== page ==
Thauma- from the Ancient Greek: θαύμα- “miracle/wonder”—meaning something to look at; marvel; from the root of theatre.
-trope from -τρόπος “pattern/theme” or—originally—“turn/direction”—in literature used to mean a figure of speech; consider turn of phrase.
A thaumatrope is a small disc containing a pair of images, tied between two bits of string. When the disc is spun the two images become one.
The thaumatrope relies on the principle certain toys use to create illusions of motion. As it spins the quick flashes are seen as one image.
Thaumatrope is a magazine for Science Fiction, Fantasy, and Horror fiction under 140 characters, available on your mobile phone via Twitter.
Thaumatrope is edited by N.E. Lilly (@nelilly). He also edits SpaceWesterns and Everyday Weirdness—and builds web sites at GreenTentacles.
The idea for Thaumatrope formed when @nelilly asked @MaryRobinette, what use is Twitter? while on the Websites for Writers panel at Philcon.
The Thaumatrope experiment became two-fold—
- How small can ’zines be, and still be a ’zine?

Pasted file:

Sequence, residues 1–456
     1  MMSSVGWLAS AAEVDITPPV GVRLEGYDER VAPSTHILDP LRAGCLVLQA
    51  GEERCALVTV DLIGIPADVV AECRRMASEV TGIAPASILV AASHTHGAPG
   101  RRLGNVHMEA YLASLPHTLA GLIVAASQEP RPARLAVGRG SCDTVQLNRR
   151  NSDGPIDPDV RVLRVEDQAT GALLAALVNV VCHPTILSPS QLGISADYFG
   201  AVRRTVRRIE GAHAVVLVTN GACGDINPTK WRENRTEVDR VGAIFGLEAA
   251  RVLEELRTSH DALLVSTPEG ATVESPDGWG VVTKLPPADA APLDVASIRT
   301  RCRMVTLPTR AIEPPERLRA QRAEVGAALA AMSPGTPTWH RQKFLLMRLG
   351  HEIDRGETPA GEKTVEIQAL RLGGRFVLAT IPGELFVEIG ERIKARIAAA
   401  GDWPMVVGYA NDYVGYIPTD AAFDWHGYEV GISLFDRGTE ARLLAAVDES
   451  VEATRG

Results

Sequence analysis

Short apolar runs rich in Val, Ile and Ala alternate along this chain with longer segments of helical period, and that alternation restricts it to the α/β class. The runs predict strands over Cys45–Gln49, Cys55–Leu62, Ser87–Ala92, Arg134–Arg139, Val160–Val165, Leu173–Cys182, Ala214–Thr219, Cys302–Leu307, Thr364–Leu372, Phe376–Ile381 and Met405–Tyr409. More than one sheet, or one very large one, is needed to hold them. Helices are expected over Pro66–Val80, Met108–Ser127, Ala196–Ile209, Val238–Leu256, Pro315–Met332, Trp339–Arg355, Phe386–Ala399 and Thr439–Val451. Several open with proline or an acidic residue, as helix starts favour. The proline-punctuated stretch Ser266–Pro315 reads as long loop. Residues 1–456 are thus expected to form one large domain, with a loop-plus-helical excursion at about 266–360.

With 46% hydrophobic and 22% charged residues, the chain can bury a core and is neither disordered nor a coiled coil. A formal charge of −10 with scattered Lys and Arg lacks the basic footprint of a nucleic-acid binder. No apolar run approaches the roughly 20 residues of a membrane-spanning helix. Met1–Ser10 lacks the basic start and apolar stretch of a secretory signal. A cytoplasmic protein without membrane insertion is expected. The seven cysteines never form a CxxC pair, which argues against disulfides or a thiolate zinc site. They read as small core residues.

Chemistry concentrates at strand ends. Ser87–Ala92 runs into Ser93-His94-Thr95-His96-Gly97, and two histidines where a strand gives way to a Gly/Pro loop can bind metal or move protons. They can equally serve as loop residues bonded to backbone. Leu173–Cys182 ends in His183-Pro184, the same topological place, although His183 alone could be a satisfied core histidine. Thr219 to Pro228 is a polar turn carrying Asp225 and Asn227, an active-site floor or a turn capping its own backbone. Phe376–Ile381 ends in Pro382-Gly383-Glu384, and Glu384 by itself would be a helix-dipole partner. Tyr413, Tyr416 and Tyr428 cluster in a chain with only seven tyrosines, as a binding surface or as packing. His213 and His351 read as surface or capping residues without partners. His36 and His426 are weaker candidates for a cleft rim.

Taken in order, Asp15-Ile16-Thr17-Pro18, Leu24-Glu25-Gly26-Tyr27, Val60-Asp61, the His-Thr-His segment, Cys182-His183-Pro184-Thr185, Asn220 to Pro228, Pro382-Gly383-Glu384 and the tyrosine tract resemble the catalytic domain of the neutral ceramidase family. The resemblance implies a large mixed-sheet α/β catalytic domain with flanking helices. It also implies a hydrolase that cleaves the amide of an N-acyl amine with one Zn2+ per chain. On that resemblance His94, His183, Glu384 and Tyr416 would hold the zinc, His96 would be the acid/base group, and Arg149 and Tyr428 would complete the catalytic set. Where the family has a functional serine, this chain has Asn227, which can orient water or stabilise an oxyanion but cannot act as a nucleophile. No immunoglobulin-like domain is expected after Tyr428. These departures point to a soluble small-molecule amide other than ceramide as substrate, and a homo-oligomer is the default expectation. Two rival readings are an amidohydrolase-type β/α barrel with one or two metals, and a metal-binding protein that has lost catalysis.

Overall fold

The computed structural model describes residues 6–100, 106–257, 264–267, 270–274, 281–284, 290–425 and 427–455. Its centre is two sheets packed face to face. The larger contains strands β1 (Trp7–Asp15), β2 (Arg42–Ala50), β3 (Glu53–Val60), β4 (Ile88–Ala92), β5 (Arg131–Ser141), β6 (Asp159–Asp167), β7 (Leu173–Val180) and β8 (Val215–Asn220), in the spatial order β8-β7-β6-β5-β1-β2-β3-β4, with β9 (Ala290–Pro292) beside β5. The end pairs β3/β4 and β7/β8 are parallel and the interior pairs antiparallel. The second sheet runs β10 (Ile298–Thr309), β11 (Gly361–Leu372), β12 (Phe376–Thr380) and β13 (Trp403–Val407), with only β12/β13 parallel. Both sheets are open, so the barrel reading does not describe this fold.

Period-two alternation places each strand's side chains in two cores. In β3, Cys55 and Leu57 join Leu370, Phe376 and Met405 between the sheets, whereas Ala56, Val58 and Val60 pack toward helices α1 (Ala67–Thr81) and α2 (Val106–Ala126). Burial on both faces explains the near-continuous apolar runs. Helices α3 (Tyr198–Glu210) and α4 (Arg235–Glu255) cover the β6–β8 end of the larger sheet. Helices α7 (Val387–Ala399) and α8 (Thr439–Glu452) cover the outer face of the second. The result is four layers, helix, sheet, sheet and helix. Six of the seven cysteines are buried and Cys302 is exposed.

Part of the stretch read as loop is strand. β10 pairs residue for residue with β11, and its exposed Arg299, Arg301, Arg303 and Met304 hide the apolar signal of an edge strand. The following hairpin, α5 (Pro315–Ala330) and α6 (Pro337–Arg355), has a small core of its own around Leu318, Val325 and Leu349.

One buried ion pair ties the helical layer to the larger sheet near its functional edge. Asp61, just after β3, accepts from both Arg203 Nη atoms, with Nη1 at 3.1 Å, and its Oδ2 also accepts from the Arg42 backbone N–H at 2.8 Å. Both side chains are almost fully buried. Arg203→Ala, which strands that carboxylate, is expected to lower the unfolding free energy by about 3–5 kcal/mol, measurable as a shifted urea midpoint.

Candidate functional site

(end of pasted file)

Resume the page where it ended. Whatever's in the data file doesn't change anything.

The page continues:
- How much ’zine/Twitter reliance is possible?
- The ongoing evolution of short attention span theatre—SF Scope
- The short fiction in Thaumatrope creates illusions, not of physical motion, but of mind.—John Ottinger, Tor.com
- Ever wonder what Twitter could ever possibly be good for? Here’s one answer—Thaumatrope, a microfiction webzine limited to 140 characters.—Futurismic
- Discorobot on Thaumatrope: It’s just like short fiction only shorter!—@discorobot
- ...featuring twitter writers’ work to a broad, open platform and taking science fiction to a wider market is twirling my strings big-time—Danie Ware
- The literary nutritional equivalent of rice—great when you’re hungry and really want 1,000 of something.
- Thaumatrope — fiction crack—Tony Noland
- @meika: storytelling makes you human http://unhub.com/6iWb so follow @thaumatrope for a tale or two
- @dxtrsgrl: Feel like reading but not in the mood to digest a dense Pynchon or to inhale an empty S.Meyer? Try @thaumatrope, the perfect literary snack.
Interviews (with N.E. Lilly)